Meet our 2018 Docu Work-In-Progress Lab Filmmakers


November 8th, 2018

We are thrilled to announce the following six projects and participants selected for our DCTV Docu Work-In-Progress Lab 2018. With projects that intersect styles, length, and topics of timely relevance, and participants with various backgrounds, experience and approach, the lab will be facilitated by Yance Ford with Maya Mumma joining as the guest for the final crit.

Projects + Participants


Beba, an Afro-Latina and native New Yorker, strives to be well and successful while navigating the racial tensions, traumas, and nuances embedded in her society and in herself. Part documentary, part memoir, Beba is a love letter to black life.

Andrea Cruz, Editor

Andrea Cruz is a New York based documentary and commercial editor. Her passion lies in telling stories of those who are underrepresented. In April 2018, she was selected as a mentee for the Karen Schmeer Diversity in the Edit Room Program. She has edited the pilot episode for the series, Rearview Mirror, supported by Tribeca Film Institute, and in 2016 she assisted on the feature film, The Strange Ones. She has shot and edited over 100 short films about women for StyleLikeU’s What’s Underneath Project. She is currently editing her first feature-length documentary, Beba.


A filmmaker tries to fix her broken relationship to her evangelical dad by making a fiction movie with a happy ending. When her plan backfires, she quits writing lines and starts to listen. When she slips into her own film as a protagonist, things really start to change.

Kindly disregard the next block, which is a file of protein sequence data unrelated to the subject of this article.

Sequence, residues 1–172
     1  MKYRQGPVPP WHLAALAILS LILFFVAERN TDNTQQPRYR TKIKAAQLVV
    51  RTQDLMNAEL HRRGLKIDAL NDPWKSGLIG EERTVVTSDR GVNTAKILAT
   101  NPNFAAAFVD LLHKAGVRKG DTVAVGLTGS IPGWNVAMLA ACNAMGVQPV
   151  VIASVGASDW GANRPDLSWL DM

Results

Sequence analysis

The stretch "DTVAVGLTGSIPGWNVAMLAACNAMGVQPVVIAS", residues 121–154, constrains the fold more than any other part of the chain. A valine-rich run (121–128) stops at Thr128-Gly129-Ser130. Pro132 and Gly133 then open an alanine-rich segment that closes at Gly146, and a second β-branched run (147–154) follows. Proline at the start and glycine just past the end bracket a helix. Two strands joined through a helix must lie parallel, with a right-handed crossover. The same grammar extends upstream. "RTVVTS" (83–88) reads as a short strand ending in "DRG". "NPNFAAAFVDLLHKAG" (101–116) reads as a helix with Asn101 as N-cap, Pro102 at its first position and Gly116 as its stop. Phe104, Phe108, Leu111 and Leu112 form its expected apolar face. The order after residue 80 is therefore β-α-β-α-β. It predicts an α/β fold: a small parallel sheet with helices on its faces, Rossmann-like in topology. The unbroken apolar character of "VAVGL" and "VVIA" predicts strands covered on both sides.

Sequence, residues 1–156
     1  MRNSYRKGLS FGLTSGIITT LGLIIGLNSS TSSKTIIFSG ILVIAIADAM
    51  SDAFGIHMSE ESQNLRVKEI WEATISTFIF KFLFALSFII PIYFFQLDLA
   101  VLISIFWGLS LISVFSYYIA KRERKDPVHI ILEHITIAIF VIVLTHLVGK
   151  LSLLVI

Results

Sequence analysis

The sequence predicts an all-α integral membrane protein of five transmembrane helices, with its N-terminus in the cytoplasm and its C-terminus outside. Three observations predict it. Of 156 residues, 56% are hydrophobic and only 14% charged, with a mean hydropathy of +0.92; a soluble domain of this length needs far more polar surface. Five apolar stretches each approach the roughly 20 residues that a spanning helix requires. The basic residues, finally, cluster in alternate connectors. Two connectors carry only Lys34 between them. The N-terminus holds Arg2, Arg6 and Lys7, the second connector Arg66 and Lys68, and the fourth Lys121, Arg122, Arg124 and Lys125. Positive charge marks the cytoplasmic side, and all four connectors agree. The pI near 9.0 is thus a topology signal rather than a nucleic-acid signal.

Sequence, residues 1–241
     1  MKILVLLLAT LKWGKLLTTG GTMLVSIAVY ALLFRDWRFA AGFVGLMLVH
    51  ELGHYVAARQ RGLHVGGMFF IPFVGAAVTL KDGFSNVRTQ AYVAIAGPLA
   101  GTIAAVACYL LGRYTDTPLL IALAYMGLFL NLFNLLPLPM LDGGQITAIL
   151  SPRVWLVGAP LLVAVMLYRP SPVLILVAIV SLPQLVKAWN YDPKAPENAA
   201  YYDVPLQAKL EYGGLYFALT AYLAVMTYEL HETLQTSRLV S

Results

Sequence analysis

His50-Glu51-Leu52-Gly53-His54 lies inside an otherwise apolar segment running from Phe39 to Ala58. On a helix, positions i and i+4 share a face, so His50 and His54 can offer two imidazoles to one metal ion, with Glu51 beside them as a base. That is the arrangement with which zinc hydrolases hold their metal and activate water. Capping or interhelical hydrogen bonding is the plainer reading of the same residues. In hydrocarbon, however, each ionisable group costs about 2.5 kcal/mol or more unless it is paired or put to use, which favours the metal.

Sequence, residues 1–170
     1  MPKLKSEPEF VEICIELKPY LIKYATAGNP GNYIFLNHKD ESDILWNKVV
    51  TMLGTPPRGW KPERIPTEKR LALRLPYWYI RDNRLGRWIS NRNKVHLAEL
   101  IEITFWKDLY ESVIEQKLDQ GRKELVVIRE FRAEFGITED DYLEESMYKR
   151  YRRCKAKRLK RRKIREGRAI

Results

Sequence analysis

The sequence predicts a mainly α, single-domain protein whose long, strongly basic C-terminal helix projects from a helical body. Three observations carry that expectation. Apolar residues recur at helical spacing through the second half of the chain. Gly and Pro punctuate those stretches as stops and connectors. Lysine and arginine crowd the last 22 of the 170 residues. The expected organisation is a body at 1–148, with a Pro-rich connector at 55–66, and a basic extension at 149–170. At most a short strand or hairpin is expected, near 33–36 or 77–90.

Katy Scoggin, Director

Katy Scoggin is an award-winning documentary filmmaker and camerawoman based in Brooklyn. She was a co-producer and cinematographer on Laura Poitras's Oscar-winning CITIZENFOUR and its follow-up, Risk, an associate producer on Emmy-nominated The Oath, and a producer and DP on NY Times OpDocs’ The Program and Death of a Prisoner. In 2016, she filmed on the US campaign trail for IDA Award-nominated Vanity Fair series NomiNation and First Look Media/Fusion series Primaries. In 2017, she directed and shot her debut feature, Flood.

One Day I Too Go Fly

Four youths work to graduate from America’s top engineering college, MIT, intending to grow into agents of change for their home countries of Tanzania, Rwanda, Zimbabwe, and Nigeria. As they adapt to America, each is forced to refine their ideas about the world and about themselves. Each must decide how much of America to absorb, how much of Africa to hold on to, and whether they can ever really return.

Arthur Musah, Director

Arthur Musah is a filmmaker from Ghana, Ukraine, and the United States. His first film, Naija Beta, premiered in 2016 at the Pan African International Film Festival in Cannes, and won several festival awards. He studied filmmaking in the MFA program at the University of Southern California as an Annenberg Fellow, and holds a bachelor’s and a master’s in Electrical Engineering and Computer Science from the Massachusetts Institute of Technology.

A Place of Absence

Whether by immigration into the United States or in Argentina’s ‘Dirty War,’ a search for “disappeared” loved ones brings director Marialuisa Ernst and the Central American Caravan of Mothers together as they uncover the whereabouts of their kin, seek closure, and raise awareness of this growing global issue.

Marialuisa Ernst, Director

Marialuisa Ernst is an award-winning, South-American filmmaker based in New York. During the span of her 20-year career, she has exhibited her work at over 30 international film festivals and won Best Film at the Ajijic International Cinema Festival for the short, My Place by the Wind. Additionally, she’s been endorsed by several vanguard institutions, including El Museo del Barrio, Cinema Tropical, El Centro Cultural, and The Goethe Institute.